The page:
I disagree with all points.
Grin is still cool, though.
I disagree with all points.
Grin is still cool, though.
Interactivity is cumbersome and not minimal or lightweight. But supporting use cases like cold storage and reducing the complexity of a transaction makes for minimum basic functionality and a lightweight transaction by cutting the mass of the required participants by approximately half.
It is minimal and lightweight on the protocol level.
We currently support 3 ways of communicating to facilitate interactivity, that doesnt seem minimal or lightweight. Also, requiring keys to be in memory to use is a massive security burden on the protocol, again not minimal or lightweight.
That’s what I thought as well which is why I was trying to find a solution to this, but then I came to the conclusion that it doesn’t really change the security ‘asymptotically’. I think it’s really just a factor of 2. In one-sided txs you need keys when you send. In two-sided txs you need keys when you send and receive. If we say that half of the transactions we do will be sends and half receives, then it is just a factor of 2, so nothing substantial imo. Overall a tx usually has two parties so it requires only twice as many keys present for a tx.
Edit: If you like to think in terms of the transaction graphs, one-sided txs needs keys for
out edges, two-sided need the key for both
l am in favor of having both. I know this contradicts my statement about reducing transaction types.
Full interactive transfers (including the finalise step) should stay supported simply because interactive shemes are likely to allow for more advanced transaction types that we cannot fully forsee yet.
In a way I would see it similar as having coin control, yes you should have it around, no most people will not use it for day to day transactions.
Similarly interactive transfers with the finalise step should stay around for desktop users, normal day to day transfer can skip the finalise step while mobile payment involving QR codes could be either transactions skipping the ginalise step or non-interactive transfers.
I think it is important to think from use cases/user-stories perspective and then carefully select which magic to make it happen, with 90% of the users being totally oblivious what magic eas used.
Handling of dust outputs can maybe be done by self spending, so signing them with a trusted key, while untrusted dust outputs are burned. In this way all wallets will know if dust outputs can be used or not.
Edit: No, I am wrong🤔. Interactive and non-interactive transfers should stay but after some more thought transactions without the finalize step should contain the same information as transactions without so there is no need to keep it around.
Not a fair comparison at all. For asynchronous methods that involve receiver accepting, sure, if you want them to also type their password to receive. But for any listener-type synchronous transactions (most use cases), then it’s not a quick decrypt and perform an action. Private keys must remain decrypted, in memory, on an internet accessible device. This is horrible for security.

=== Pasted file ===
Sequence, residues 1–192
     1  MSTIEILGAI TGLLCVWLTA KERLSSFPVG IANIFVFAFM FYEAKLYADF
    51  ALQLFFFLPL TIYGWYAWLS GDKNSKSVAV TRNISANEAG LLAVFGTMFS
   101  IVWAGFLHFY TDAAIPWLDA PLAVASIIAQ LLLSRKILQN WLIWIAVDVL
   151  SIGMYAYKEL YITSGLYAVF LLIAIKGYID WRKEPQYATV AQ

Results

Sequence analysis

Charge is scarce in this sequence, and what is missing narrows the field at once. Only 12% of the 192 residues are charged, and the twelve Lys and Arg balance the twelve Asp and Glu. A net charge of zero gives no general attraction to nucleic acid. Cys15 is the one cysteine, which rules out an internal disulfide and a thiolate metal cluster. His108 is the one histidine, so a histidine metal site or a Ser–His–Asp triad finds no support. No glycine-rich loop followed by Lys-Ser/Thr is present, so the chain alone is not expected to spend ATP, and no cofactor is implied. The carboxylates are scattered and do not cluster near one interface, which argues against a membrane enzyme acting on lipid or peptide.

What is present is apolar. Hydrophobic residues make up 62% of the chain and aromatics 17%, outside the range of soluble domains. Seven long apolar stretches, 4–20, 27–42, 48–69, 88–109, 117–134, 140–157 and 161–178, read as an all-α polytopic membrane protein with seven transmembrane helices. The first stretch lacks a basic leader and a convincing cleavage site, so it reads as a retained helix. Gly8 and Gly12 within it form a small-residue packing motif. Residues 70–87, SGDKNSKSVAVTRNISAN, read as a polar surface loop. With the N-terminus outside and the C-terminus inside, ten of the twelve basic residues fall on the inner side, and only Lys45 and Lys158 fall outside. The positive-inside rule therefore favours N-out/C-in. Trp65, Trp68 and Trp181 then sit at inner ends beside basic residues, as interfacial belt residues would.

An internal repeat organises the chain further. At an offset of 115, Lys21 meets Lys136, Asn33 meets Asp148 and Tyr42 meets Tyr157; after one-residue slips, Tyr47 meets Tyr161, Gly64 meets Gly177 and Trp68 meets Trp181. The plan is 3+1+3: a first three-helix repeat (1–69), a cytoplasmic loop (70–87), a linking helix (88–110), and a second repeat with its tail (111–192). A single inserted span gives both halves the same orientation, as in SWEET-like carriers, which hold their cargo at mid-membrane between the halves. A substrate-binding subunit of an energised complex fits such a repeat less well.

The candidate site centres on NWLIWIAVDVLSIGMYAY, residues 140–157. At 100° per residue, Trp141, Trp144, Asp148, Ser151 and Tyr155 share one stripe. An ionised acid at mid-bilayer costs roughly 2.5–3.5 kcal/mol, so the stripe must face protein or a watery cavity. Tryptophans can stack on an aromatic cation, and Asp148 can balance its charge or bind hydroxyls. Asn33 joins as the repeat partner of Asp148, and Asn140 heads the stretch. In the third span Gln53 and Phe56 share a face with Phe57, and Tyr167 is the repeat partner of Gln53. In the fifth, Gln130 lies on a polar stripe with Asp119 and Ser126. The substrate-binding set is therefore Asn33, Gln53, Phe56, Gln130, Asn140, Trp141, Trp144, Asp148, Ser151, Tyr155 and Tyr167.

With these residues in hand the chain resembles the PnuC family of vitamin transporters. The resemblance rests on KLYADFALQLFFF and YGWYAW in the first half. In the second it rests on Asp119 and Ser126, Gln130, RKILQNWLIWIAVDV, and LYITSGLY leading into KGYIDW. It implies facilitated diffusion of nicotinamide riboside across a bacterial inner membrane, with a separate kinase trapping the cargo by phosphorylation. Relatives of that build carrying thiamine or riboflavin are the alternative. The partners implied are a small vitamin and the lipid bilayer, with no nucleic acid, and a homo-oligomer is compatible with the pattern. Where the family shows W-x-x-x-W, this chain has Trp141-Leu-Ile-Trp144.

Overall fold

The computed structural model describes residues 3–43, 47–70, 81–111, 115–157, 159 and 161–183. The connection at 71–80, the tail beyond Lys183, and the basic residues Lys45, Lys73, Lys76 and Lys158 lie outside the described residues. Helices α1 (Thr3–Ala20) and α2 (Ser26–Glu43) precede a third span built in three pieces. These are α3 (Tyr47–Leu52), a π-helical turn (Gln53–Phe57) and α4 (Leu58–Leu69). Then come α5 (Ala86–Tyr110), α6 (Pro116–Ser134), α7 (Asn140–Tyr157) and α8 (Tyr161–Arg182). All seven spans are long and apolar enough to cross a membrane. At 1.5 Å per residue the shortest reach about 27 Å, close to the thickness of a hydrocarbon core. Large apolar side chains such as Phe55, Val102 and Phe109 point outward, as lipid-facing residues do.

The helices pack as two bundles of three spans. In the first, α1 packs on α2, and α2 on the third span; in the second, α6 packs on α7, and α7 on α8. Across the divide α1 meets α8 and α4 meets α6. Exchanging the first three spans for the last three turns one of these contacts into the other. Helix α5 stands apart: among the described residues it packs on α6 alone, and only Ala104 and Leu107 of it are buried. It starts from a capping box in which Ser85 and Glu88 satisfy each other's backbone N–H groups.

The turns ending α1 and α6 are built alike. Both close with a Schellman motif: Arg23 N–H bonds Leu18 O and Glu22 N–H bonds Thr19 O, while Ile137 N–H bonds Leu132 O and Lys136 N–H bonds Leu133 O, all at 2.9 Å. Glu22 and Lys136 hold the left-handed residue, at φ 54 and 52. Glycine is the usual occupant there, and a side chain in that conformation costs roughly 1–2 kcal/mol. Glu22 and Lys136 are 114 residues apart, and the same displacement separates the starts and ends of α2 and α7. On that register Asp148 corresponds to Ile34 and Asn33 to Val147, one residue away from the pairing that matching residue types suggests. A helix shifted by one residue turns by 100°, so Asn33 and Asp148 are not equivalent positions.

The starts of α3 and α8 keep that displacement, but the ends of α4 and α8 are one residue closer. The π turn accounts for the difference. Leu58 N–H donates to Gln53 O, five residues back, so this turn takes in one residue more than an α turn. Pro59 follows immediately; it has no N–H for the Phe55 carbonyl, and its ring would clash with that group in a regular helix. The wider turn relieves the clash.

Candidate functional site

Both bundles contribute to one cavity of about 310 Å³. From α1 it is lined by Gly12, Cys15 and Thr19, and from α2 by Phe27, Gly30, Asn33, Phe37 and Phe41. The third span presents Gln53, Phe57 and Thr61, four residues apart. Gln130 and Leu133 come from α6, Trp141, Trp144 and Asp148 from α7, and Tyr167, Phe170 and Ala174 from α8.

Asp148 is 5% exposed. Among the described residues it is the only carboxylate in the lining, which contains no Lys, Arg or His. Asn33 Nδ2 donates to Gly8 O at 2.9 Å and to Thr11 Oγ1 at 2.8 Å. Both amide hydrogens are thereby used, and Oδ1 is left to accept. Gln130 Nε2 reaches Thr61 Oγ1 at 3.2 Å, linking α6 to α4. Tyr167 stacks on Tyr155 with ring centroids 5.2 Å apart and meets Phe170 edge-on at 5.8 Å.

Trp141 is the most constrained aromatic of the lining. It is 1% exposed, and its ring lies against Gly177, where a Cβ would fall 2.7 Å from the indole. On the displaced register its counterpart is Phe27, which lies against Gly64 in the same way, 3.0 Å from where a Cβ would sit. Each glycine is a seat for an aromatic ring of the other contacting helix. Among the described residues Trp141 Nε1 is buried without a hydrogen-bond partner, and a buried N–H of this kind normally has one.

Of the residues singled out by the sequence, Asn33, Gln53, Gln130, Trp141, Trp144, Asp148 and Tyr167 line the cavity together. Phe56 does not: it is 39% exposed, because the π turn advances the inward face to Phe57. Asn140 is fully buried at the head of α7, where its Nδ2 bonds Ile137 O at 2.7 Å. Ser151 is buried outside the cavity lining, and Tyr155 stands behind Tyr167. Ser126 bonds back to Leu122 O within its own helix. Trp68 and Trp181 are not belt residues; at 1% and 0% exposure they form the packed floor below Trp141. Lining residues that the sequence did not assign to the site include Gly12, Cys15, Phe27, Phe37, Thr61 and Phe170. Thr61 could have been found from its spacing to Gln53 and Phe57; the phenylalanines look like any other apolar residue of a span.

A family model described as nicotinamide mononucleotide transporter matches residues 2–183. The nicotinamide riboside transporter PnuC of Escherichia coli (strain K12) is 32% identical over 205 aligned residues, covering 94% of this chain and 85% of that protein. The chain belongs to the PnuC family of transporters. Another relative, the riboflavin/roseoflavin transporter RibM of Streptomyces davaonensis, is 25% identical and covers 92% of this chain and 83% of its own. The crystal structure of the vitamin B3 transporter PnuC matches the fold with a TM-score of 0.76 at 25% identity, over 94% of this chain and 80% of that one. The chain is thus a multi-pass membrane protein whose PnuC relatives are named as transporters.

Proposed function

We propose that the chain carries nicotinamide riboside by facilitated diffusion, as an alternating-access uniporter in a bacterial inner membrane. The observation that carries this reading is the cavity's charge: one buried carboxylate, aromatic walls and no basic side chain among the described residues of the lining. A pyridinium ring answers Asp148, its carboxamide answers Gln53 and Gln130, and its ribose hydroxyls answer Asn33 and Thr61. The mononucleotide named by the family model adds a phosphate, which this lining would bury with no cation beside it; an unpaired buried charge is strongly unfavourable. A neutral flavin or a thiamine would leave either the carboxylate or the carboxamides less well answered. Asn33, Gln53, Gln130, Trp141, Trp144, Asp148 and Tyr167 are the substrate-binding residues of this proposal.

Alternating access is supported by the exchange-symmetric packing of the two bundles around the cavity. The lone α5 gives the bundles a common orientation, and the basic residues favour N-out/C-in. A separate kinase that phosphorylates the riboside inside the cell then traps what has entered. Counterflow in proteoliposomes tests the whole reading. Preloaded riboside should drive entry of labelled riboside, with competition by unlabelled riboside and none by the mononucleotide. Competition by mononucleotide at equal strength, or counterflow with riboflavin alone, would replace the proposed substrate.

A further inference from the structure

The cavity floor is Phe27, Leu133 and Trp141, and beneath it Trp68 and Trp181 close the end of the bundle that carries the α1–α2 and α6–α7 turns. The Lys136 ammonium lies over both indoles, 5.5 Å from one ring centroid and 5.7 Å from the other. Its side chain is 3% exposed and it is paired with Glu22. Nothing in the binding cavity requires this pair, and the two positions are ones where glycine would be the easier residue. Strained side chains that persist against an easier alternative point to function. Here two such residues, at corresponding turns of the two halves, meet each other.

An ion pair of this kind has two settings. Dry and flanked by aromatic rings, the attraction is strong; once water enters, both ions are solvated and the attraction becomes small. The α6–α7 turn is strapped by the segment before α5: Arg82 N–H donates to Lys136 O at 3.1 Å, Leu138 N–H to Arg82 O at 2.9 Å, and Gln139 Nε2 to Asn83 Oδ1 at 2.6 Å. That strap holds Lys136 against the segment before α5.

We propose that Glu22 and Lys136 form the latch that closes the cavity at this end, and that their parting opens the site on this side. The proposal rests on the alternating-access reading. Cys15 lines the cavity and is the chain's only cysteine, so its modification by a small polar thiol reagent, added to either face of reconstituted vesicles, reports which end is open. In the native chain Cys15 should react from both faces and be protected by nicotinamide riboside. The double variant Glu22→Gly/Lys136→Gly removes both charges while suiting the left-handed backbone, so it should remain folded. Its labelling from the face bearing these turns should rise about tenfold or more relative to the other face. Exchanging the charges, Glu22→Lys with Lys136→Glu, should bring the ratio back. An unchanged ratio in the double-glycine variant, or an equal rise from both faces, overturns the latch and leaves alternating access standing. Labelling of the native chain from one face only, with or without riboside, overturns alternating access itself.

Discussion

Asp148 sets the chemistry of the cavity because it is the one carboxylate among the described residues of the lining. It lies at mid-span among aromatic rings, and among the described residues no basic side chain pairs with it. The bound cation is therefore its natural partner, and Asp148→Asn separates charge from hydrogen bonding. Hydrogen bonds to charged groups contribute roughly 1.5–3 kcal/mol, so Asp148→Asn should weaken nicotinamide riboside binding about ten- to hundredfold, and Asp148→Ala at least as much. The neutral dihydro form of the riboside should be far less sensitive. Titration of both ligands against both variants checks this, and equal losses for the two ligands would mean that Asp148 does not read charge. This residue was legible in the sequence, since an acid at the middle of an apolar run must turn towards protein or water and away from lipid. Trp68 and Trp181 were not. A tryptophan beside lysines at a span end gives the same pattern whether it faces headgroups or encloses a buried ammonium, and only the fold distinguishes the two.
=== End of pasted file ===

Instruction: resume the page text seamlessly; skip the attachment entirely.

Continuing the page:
And I get that your solution, once again, is probably that users should manually accept transactions. But despite you really wanting that to be the case, that’s just not what users want at all, nor does that even work for always-on services like exchanges and payment processors. You can’t ignore the desires of the actual users of Grin just because it makes for a clean technical solution.
I’ll have to disagree with you on that one @david. Everybody I know uses a payment app that forces you to accept payments. I use it too. And we all have plenty of other options, but this one completely dominates over the market, so I don’t think the UX is terrible, quite the contrary in fact. accepting money with one click gives a good feeling and is not really inconvenient.
Afk, so I will respond thoroughly later. But quick question: Does this mean you’re in favor of removing tor transactions, and instead using slatepacks (preferably with no finalize step), and then requiring users to also type their passwords when receiving? That is the only possible way Phyro’s security argument remains true.
Agreed. This kills Bitcoin and that is the reason of all that bitcoin maxie & HODL culture and why after 10 years of existence Bitcoin haven’t become some significant payment protocol. People were more enthusiastic about accepting payments in cryptocurrencies in 2012 than now. But now they call it “store of value”, fight with the money printer and like that. Enemies are everywhere.
Here you can only sell lower than you bought because the value decreases constantly.
No. This depends of the balance of supply and demand and generally is unpredictable.
No one knows this for sure. HTTPS is not forbidden yet but it can be depended of the political situation.